Theatre

The Jackie Look @ Laurie Beechman Theatre, New York



cast list
Karen Finley

directed by
Karen Finley
The Jackie Look is a performance piece from Karen Finley, a name synonymous with performance art in the 1980s and 90s. The show itself is a two-pronged thrust at the audiences sensibilities. Before the show even officially begins, a loop of Jacqueline Kennedys life in pictures plays on stage. These pictures run the gamut from her youth until her years in the White House, no further and they serve to bring Jackie, the person, wife and mother, back into focus.

Karen Finley portrays Jackie with her dark glasses and the breathless voice often associated with her. In the first half of the show, Jackie is ostensibly presenting a lecture about the stylization of being photographed; she explains that she was (and still might be) the most photographed woman in the world. But the discussion soon turns to the museum in the Texas Book Depository. Jackie takes us on a tour via the web and gives her opinions on the various collection pieces and the appropriateness of their inclusion.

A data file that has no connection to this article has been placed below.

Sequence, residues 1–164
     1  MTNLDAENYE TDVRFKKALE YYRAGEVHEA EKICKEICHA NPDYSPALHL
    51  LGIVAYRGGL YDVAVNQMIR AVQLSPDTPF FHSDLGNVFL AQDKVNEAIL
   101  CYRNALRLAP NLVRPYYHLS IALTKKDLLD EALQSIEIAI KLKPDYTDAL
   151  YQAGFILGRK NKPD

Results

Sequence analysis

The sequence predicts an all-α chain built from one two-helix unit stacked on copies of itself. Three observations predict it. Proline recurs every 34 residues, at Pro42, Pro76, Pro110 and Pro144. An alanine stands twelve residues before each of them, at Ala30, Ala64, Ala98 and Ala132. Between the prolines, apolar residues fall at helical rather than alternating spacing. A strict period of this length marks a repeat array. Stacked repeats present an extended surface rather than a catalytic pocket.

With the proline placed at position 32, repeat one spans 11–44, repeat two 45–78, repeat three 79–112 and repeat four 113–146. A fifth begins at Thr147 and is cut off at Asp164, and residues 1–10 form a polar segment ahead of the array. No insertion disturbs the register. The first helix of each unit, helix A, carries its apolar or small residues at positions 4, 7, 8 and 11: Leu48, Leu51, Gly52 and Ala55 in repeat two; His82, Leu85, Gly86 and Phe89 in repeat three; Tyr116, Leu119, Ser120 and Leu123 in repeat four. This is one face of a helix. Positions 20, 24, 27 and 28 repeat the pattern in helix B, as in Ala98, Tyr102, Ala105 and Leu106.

The humor is occasionally uncomfortabe. John and Jackie Kennedy stand in a honored place in American mythology, and it seems sacrilegious to laugh at them. But through persistence and humor, Karen Finley loosens the audience up.

And then she twists the evening completely.

Changing sides of the stage at one point, she shifts the focus of the show. Now she, as Jackie, discusses the impact of fame, of iconic imagery. She discusses the stylization of both tragedy and fame. She discusses Princess Diana, Michelle Obama and even her daughter Caroline, and the way the press treated her during interviews last year.

The images flashing in the background change as well. Whereas the first set of images were all of Jackie and her family through the White House years (the one exception being a Warhol print of Marilyn Monroe), now the pictures flow with her words, the funeral, Aristotle Onassis, her children in adulthood, Michelle Obama.

The voice breaks occasionally and the mood of the piece, which was full of parody and reminiscent of the old and famous album, The First Family, swings more serious. Karen/Jackie wonders about fame and its result. Fame for her and the other people she discusses is often not the aim or famous but, rather, an outgrowth of their relationships with others. It is a thoughtful journey, made more poignant by the humor and close relationship she built in the first half of the show.

The Jackie Lookis a journey of transition in our interpretation of Jacqueline Kennedy. It knocks her off her place on Americas mythic pedestal with humor, then rebuilds her as a thoughtful woman who learned to live a real life in the spotlight.



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